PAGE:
Why Does My Hip Hurt After Running? Causes And Treatments

Why Does My Hip Hurt After Running? Causes And Treatments

Why does my hip hurt after running? Hip pain is a common injury for runners, and it’s a common one. It can be difficult to determine what is causing your pain. If you’re experiencing hip pain, BSXInsight has everything you need to learn about hip injuries and how to treat them.

How To Identify Hip Pain Symptoms

Hip joint problems are often responsible for pain in the front of your joint, where the leg connects to the trunk. A hip injury can cause pain in your lower leg, glutes, and top of your back. Other symptoms include the inability to move your hip at the hip, pain in the hip, or swelling around the joint. You may experience pain in your hip joint as a runner if you run after sustaining a hip injury.

Why Does My Hip Hurt After Running?

Why Does My Hip Hurt After Running

Most common causes of hip pain after running. Some conditions are more severe than others.

Muscle Strains

Running can cause muscle strains or “pulled” muscles. This happens when your muscles are injured by too much running or too fast.

For example. Hip pain caused by straining the gluteus medius muscles, which is located under the large buttock muscle known as the gluteus maximus.1 This pain will likely be felt on the outside or back of the hip. This muscle absorbs shock from your foot striking the ground when you run.

An injury to the gluteus medius can also cause pain when performing other daily activities such as jumping, climbing, or sitting for prolonged periods of time.

Running can strain other muscles around your hip, but this won’t cause pain. Muscle strains can cause pain in your thighs and front.

Tendonitis

Tendonitis can lead to hip pain when you run. Tendinitis is caused by inflammation of your tendons, which are the structures that connect your bones and muscles. This happens most often if you run longer than usual or don’t take enough rest days for your muscles to heal fully between workouts.

Tendinitis can cause damage to tendons in the hip.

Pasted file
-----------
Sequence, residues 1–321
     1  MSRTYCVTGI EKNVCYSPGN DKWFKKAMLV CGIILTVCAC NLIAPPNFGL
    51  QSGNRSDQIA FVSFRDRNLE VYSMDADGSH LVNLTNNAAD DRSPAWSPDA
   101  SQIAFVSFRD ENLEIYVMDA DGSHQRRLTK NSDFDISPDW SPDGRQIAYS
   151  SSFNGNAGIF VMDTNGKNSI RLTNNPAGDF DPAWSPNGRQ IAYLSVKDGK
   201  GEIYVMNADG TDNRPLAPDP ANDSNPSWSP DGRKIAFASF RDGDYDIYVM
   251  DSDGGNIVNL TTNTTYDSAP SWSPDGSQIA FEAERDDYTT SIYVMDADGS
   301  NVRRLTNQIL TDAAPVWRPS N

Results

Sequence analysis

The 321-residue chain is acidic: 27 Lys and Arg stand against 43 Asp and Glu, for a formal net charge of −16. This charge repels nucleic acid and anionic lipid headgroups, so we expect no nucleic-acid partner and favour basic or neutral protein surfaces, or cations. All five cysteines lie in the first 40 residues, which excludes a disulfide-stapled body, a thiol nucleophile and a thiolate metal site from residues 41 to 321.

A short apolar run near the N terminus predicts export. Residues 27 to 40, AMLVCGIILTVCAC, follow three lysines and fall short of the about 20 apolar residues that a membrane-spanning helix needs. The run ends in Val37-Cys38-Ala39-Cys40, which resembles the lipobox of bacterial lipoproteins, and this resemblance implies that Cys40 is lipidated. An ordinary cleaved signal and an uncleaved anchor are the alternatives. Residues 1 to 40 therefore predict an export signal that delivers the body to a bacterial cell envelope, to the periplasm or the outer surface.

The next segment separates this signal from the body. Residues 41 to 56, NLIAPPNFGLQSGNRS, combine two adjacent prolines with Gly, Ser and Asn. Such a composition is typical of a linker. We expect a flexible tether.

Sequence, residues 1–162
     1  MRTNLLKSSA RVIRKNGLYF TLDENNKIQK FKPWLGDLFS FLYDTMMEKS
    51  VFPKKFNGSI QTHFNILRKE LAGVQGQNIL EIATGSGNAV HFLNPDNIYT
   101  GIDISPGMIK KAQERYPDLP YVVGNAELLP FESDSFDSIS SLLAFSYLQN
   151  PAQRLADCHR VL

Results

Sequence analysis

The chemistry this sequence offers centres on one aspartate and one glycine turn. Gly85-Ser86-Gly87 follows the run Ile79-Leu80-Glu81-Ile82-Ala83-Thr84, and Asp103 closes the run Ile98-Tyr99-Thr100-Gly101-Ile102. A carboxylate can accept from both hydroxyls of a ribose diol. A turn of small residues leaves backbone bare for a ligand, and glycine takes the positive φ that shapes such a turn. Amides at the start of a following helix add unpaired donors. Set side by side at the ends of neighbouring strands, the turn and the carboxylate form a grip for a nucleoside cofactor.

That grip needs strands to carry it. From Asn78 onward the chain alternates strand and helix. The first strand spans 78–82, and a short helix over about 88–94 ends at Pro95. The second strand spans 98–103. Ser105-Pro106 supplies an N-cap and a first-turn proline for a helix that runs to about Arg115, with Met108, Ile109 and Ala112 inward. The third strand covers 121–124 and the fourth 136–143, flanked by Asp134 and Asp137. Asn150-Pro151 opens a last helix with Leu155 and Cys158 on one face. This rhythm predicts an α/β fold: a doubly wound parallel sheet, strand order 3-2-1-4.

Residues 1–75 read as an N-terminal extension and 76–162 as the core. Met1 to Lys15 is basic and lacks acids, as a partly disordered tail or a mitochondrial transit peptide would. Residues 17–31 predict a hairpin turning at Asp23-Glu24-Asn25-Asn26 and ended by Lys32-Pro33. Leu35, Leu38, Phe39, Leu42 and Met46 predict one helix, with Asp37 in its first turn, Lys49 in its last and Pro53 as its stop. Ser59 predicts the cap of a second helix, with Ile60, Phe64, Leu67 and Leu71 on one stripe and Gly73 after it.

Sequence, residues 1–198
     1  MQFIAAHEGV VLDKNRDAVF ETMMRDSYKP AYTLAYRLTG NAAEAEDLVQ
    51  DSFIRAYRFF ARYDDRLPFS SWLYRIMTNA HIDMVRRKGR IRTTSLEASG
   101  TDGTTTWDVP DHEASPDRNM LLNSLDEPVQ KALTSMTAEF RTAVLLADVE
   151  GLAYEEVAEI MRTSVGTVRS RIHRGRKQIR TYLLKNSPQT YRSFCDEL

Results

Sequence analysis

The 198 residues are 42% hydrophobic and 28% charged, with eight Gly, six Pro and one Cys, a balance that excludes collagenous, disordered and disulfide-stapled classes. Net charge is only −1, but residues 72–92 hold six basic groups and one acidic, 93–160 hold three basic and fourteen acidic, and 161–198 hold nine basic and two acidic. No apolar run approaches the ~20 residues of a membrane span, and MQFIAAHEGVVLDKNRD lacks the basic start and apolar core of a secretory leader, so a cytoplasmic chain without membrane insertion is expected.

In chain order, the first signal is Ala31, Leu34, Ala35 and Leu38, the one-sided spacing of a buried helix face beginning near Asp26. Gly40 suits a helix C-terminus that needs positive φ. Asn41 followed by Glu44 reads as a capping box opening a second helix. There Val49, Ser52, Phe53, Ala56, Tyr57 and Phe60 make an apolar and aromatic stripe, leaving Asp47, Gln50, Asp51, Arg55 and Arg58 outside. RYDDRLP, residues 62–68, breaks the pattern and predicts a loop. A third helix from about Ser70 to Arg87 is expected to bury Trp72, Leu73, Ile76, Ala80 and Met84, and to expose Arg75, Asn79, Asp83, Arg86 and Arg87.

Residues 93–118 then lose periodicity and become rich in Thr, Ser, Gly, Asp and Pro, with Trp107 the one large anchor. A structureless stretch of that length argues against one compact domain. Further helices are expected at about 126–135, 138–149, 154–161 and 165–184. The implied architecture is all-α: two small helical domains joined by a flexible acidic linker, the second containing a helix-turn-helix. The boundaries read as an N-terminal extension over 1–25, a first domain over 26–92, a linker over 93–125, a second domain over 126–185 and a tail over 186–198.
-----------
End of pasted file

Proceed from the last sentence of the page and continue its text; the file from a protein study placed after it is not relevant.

Hip flexors are the muscles that move your leg forward, and they are used heavily while running. These muscles are required to work harder when you run uphill or sprint. Hip flexor tendonitis is a condition that causes pain in the hips.

Adductors: These are the muscles that move your leg toward your body. They stabilize your pelvis, thigh bone (the Femur), and hip bones when you run. When you run uphill, downhill, or sprinting, your adductor muscles are more active. Adductor tendonitis is a condition that causes pain in the inner thigh and groin.

Hamstrings: The hamstrings are three muscles located behind your thighs. These muscles join at the one tendon to your ischial tuberosity, which is the bone you sit on. A running-related injury to the hamstring tendon is often caused by pushing off the ground or sudden stops while running. Long sitting, squatting and lunging can all cause pain.

Bursitis

Bursae, which are fluid-filled cushions located around your joints throughout the body, are called bursae. Bursitis is a condition where these structures can become inflamed by friction or repeated pressure. Two bursae can cause pain in the hips after running.

The iliopsoas Bursa is located on your front hip, close to your groin. The trochanteric Bursa is found behind the boney point on your hip, just below your pelvis.

Trochanteric Bursitis is a condition that causes pain at the hip (trochanteric bursitis). This condition can lead to pain when you run, climb stairs, squat, or get up from a seat after sitting for a prolonged period. Trochanteric bursitis can be worse at night, especially if you roll onto the affected side.

Iliopsoas Bursitis, which is less common, causes pain in the groin.

Have you also suffered lower back pain when running? check out our post for more information: Lower Back Pain When Running: Causes And Treatments 2022

Hip Labral Tear

Your hip joint is a ball and socket joint. The ball at your hip’s top fits into the socket in your pelvis. To stabilize your joint, the labrum is a cartilage ring that runs around the socket’s edge.

Wear and tear from repetitive activities like running can cause tears in the labrum. Sharp pain is usually felt near the groin, in the front of your hip. Other symptoms include pain in the hips, difficulty moving the hips, clicking in the hip joint, or feeling locked up.

Osteoarthritis

Osteoarthritis is a condition where the cartilage (or padding between your bones and your joints) gradually wears away. Your bones may rub against one another, causing severe pain.

OA is more common in older people. It is also more common in families. If you have had hip injuries such as labral tears, you are more likely to develop OA in your hip.

You might not feel pain until you are older if you do weight-bearing activities like running. After sitting for a while or getting up in the morning, your hip may feel stiff. Even if you’re not active, eventually pain will develop.

Stress Fracture

Hip stress fractures occur when your bone is subject to repetitive stress, such as running. These fractures are most common near the ball of the femur, rather than the socket of your hip joints.